Advice: A Little Understanding Goes A Long Way

Many of our posts encourage kindness, goodness and self-control, even in negative situations. This is often hard to achieve; however, it is entirely possible due to the following psychological principle:

  1. Our thoughts affect our feelings
  2. We control our thoughts
  3. Therefore, we can control our feelings/reactions

In other words, we are responsible for our own actions. No one “makes” us react a certain way. We make a decision on our own and choose how to feel about and respond to every situation. We are in control.

It takes practice, but once you master this form of control we encourage you to incorporate understanding into your decision-making process. By understanding we mean, putting yourself in someone else’s shoes and giving them the benefit of the doubt. In negative situations, try to first assume that someone’s intentions are honest. Presume innocence and maintain a favorable or at least neutral opinion in uncertain situations. Here are a few common, real-life examples to consider.

You are being tailed in your car.

  • The person behind you is following at an unsafe distance and you are afraid they are going to rear-end your car.
  • Instead of immediately assuming they are an idiot in a big hurry, and reacting negatively, think differently.
  • Maybe there is an acceptable reason for their poor driving.
  • Maybe they are having an emergency and have to get to the hospital or to the school to pick up their child.
  • Maybe they are ill and have to get to a bathroom.

Pull over and let them pass and get on with your life.

 

The clerk in the store is extremely unfriendly.

  • You bring your grocery items up to the cashier and he barely looks up and does not greet you. He does not take care with any of your items and displays horrible customer service skills.
  • Instead of immediately assuming he is a terrible employee, taking it personally and getting offended, think differently.
  • Maybe he just lost his best friend, his dog, or a family-member and is going through the grieving process.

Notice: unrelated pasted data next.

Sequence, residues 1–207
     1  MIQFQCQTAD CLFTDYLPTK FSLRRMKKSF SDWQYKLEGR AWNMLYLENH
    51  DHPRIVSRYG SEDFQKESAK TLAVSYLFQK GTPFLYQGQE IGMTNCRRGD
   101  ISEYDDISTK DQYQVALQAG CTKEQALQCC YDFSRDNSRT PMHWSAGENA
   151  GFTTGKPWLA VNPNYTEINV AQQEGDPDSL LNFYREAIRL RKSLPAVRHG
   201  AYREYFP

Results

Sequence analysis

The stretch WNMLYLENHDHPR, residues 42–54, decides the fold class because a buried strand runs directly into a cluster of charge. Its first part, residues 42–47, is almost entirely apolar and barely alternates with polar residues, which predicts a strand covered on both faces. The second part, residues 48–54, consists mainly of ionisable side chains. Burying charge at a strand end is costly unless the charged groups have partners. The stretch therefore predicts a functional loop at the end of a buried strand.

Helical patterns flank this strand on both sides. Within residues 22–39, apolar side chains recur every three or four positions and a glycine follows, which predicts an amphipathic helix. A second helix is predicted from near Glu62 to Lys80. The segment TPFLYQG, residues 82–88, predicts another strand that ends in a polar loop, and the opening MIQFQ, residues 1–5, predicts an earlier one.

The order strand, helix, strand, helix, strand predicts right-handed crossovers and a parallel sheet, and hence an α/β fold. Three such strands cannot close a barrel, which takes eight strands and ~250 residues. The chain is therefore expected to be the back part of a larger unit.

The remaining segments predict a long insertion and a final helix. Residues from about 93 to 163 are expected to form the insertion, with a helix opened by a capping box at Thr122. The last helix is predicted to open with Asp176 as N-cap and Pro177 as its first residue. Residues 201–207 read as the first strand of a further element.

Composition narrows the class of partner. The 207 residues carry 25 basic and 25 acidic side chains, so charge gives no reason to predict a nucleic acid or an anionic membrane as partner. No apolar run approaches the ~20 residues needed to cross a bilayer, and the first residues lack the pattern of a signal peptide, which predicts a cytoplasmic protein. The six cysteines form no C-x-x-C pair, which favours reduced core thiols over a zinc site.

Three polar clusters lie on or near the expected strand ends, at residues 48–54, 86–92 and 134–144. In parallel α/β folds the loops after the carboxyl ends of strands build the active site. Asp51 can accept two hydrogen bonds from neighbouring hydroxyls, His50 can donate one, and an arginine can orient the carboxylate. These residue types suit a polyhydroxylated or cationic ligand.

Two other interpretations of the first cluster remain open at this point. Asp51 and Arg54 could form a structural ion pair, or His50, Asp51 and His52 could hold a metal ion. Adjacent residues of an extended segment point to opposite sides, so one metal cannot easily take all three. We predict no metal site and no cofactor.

• Maybe he has been working for twelve hours without a break, is tired, hungry, and emotionally exhausted.
  • Maybe his last customer was abusive and hurt his feelings and he is trying to keep it together.

Smile and tell him you hope his day gets better and get on with your life.

 

An obnoxious, obese woman with body odor sits next to you on an airplane.

  • The worst possible seatmate buckles in next to you for a five-hour flight. She barely fits in her seat, talks on her phone loud enough for the pilot to hear, and opens up a bag of pork-rinds which she crunches in your ear.
  • Instead of immediately assuming that the Airplane Gods are punishing you, and start judging the woman harshly, think differently.
  • Maybe she has a medical reason for her obesity and body odor.
  • Maybe this is the first time she has ever flown anywhere, and she is beside herself with excitement, or has never learned any form of social etiquette.
  • Maybe she is flying to a funeral or has some sort of hardship that she is trying to cope with like the loss of a child, a terminal illness or some other tragedy.

Scoot over, put on your noise-cancelling headphones, rub some perfume under your nose and get on with your life.  

 

We love the lyrics to this song “What It’s Like” by Everlast. They illustrate our point exactly and serve as our last example. Please take a minute to check it out: https://vimeo.com/20732517

Try to be more understanding in your everyday life. As we said, you are in control. It is possible to train yourself to think before you react.  The key is to experience your immediate response . . .  let it exist and flow through you . . . but do not instantly react. Form the habit of thinking first and then choosing how to respond. Choose intelligently, not emotionally. And yes, it is ok to choose to experience negative emotions, but it won’t serve you well to inflict them on anyone else. It will serve you better to be more understanding. A little understanding goes a long way . . . 

The tailgater may offer you blessings if you let them pass, thanking you for helping them get to their emergency sooner. The store clerk may appreciate your kind words more than you will ever know as he struggles to deal with his loss in a public setting instead of in private. The woman on the plane may be just as uncomfortable as you. She may look back on her trip and think of the kind, accommodating person she sat next to.

Try to choose kindness and understanding in all that you do.

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